The Dutch Ministry of Defense invited the SunGlacier team to Mali, where we are able to test our idea – making water out of thin air – in the middle of the Sahara desert, the driest, hottest place on earth. It was a success! With our SunGlacier project, we demonstrate that it is possible to harvest water from air, using only solar energy – making SunGlacier probably the world’s first artificial water well to work entirely off the grid.
Before we left, we knew our design worked in ideal conditions; now – after a punishing week in the Sahara — we know we can make it work almost anywhere.
The underlying principle is simple:
When you grab a can soda out of the fridge on a hot summer day, small water drops appear on the surface. This is how we make SunGlacier work: condensation.
- During the Dutch summer, these droplets start appearing when the can is approximately 15 degrees colder than the outside temperature.
- But in Mali, which is much, much dryer – typical air on a Mali summer’s day holds roughly half the water vapor than the air on a dry hot day in the Netherlands – you need a 50-degree-difference in temperature to see those droplets.
So, making water out of thin air in the driest condition is a huge challenge.
Inspired by Moon Landers, we built the “Desert Twins” especially for this occasion. One of them is the water maker, which runs with the same power as a small car light, the other one contains our energy unit, which stores the solar power.
The first three days of testing were frustrating; our own sweat was the only liquid produced.
Despite the fact that during the course day the water maker was located in the shadow of the solar panel, the unit was still too hot to function. We soon realized that solar radiation reflecting off the surrounding sand was to blame. Our solution was to add a layer of insulation outside and inside of the box.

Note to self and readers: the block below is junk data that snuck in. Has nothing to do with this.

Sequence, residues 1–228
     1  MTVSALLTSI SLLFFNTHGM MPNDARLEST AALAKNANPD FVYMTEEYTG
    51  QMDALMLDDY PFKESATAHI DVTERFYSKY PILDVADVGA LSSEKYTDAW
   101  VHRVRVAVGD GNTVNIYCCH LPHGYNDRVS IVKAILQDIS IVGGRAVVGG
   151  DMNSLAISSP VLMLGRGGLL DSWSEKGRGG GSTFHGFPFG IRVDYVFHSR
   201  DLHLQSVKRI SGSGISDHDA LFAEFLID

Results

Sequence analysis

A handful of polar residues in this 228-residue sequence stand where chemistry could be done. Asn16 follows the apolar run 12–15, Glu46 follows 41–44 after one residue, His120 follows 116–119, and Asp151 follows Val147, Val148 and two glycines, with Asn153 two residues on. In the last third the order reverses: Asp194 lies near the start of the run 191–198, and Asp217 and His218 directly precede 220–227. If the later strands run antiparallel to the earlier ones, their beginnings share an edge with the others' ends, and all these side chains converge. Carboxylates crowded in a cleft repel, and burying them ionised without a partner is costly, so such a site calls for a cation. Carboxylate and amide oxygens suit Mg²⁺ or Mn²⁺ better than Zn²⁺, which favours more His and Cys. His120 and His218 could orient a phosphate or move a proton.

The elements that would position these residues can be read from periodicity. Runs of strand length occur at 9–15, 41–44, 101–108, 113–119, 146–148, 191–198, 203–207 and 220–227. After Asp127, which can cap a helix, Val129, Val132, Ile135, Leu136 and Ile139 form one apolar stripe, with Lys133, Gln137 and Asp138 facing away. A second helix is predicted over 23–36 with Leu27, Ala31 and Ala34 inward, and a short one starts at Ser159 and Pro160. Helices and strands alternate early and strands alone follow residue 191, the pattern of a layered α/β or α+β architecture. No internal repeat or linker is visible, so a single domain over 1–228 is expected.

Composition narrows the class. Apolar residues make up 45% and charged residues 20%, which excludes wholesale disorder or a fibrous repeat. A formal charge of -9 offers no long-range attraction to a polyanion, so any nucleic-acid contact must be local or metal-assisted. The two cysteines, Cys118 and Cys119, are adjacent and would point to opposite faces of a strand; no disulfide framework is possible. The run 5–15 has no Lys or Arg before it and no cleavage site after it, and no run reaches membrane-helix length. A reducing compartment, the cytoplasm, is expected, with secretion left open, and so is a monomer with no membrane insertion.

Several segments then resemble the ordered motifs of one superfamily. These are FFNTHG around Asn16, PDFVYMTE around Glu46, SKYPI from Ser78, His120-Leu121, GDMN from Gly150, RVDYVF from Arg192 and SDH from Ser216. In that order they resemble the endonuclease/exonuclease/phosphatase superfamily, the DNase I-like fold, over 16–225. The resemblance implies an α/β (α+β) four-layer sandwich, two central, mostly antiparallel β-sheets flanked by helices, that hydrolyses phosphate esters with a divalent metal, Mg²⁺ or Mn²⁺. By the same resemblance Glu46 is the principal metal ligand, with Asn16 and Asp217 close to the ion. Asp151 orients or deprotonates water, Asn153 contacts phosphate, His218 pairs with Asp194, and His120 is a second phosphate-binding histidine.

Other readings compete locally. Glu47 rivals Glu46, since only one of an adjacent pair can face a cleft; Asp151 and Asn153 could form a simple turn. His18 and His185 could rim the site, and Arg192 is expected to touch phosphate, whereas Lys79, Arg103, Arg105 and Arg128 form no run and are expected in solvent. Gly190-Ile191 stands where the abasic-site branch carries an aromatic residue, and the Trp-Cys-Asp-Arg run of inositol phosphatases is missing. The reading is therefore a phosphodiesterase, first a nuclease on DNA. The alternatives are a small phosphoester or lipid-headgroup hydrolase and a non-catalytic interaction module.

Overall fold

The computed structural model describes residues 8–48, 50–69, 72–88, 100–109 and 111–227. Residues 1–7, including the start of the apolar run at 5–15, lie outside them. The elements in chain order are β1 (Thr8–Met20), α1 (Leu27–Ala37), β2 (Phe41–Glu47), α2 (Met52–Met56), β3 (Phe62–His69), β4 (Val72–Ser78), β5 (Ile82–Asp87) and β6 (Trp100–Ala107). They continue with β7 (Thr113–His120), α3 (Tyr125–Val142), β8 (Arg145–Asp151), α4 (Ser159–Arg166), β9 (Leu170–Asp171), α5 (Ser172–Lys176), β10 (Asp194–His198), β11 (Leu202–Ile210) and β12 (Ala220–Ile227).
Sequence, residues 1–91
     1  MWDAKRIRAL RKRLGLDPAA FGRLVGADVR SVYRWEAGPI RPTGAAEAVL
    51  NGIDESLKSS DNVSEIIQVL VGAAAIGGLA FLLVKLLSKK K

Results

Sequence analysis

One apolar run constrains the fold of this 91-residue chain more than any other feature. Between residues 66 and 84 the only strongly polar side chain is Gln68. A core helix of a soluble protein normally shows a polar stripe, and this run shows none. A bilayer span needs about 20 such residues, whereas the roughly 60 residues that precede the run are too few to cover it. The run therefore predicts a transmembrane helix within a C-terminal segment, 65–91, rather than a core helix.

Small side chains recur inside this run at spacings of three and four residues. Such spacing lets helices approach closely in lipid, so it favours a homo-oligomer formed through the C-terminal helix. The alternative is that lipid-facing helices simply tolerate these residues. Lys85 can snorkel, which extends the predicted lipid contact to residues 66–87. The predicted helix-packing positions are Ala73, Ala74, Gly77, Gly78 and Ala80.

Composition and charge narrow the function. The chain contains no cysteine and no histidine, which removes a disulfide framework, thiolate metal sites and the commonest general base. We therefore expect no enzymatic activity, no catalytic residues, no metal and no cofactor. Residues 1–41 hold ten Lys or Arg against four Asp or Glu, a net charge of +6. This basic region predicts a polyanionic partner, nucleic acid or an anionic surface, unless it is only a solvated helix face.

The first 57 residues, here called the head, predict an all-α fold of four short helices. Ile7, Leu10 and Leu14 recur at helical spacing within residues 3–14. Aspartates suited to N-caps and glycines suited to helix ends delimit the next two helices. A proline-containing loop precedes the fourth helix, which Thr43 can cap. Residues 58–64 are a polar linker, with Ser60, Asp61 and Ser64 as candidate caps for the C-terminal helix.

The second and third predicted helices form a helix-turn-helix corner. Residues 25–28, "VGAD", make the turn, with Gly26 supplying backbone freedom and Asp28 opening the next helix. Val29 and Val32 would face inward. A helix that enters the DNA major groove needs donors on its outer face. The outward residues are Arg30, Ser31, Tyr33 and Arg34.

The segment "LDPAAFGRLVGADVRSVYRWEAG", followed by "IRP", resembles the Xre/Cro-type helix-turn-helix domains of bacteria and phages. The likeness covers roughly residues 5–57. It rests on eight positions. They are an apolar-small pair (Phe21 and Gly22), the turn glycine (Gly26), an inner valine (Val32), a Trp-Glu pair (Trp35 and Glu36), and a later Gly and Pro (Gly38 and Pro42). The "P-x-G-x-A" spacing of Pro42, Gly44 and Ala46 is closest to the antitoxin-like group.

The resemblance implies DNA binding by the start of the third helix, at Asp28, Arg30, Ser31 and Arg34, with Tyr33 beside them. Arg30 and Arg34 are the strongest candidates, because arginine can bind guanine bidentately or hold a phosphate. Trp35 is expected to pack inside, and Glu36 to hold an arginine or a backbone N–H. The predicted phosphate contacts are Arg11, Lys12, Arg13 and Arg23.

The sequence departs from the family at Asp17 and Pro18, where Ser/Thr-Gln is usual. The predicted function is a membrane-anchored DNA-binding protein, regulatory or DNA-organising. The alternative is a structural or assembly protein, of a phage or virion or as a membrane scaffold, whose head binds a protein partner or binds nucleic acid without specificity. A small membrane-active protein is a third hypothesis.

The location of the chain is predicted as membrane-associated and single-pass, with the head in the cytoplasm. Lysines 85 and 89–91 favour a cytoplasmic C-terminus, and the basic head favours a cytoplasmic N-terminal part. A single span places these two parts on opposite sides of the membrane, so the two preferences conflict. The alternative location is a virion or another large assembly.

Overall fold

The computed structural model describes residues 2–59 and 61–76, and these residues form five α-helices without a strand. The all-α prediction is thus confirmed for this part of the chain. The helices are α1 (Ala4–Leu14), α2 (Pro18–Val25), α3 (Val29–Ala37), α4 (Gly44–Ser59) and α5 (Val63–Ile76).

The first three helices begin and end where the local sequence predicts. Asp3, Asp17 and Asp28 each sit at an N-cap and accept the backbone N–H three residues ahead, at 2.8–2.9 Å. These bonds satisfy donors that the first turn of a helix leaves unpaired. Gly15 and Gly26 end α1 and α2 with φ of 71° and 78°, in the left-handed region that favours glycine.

Next we discovered that by burying a cooling pipe 2 meters under ground – where it is 4 degrees less hot — we could air cool our apparatus in the punishing heat. Unfortunately, the advantage was short-lived: given the insulating properties of desert sand, we soon had heated the sand around the pipe, and the temperature differential dwindled down to nothing.
So to further protect the apparatus from solar radiation – the unit was still too hot — we decided to build a tent around the water unit. But, still no water.
At some point the motor of our condenser started to overheat and make strange noises – the first signs of a total collapse. We re-configured our cooling air streams inside the machine. The noise didn’t stop, but the temperature inside the box decreased. Our morale improved.
Finally, on the fourth day, we succeeded in cooling the ambient air inside the box to such an extent that condensation could take place and something other than steam was possible. We opened the box, removed the insulation and saw, for the first time, actual liquid water. We had finally succeeded!
But the desert air was so thirsty that we witnessed a new phenomenon: upon opening the SunGlacier our water and ice evaporated so fast, that within 10 minutes everything disappeared. We had just enough time to document our success on photo and video.
On day 5 we produced even more water and ice – the extremely dense ice was harder than a rock.
We had succeeded in harvesting water in very harsh conditions, drawing about the same current as is needed to run a standard car headlight.
We learned so much in the desert. When we build a next model, our design will be even better. Our next priorities are: water storage and cleaning and enriching the water with minerals and salts.
The aim is to build a machine that works like a well – one that doesn’t need a liquid water source or electricity to operate.
But the real challenge now is finding a way to share our success – and our know-how – with the world.